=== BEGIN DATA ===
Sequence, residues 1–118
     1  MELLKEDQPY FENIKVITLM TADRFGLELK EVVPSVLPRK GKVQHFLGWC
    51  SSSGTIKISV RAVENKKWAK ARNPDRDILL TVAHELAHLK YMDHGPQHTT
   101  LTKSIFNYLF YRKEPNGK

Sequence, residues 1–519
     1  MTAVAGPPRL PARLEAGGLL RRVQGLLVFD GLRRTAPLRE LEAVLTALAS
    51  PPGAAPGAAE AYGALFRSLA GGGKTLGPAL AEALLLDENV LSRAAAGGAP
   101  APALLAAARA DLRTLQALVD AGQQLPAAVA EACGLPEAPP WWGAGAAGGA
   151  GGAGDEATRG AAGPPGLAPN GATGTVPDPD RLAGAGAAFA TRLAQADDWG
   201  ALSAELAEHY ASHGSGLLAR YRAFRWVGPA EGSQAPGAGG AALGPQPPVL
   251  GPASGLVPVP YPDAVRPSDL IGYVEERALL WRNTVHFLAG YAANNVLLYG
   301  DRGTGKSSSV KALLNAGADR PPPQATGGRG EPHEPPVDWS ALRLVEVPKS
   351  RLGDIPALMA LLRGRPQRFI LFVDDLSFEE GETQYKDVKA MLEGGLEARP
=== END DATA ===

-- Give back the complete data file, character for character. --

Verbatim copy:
Sequence, residues 1–118
     1  MELLKEDQPY FENIKVITLM TADRFGLELK EVVPSVLPRK GKVQHFLGWC
    51  SSSGTIKISV RAVENKKWAK ARNPDRDILL TVAHELAHLK YMDHGPQHTT
   101  LTKSIFNYLF YRKEPNGK

Sequence, residues 1–519
     1  MTAVAGPPRL PARLEAGGLL RRVQGLLVFD GLRRTAPLRE LEAVLTALAS
    51  PPGAAPGAAE AYGALFRSLA GGGKTLGPAL AEALLLDENV LSRAAAGGAP
   101  APALLAAARA DLRTLQALVD AGQQLPAAVA EACGLPEAPP WWGAGAAGGA
   151  GGAGDEATRG AAGPPGLAPN GATGTVPDPD RLAGAGAAFA TRLAQADDWG
   201  ALSAELAEHY ASHGSGLLAR YRAFRWVGPA EGSQAPGAGG AALGPQPPVL
   251  GPASGLVPVP YPDAVRPSDL IGYVEERALL WRNTVHFLAG YAANNVLLYG
   301  DRGTGKSSSV KALLNAGADR PPPQATGGRG EPHEPPVDWS ALRLVEVPKS
   351  RLGDIPALMA LLRGRPQRFI LFVDDLSFEE GETQYKDVKA MLEGGLEARP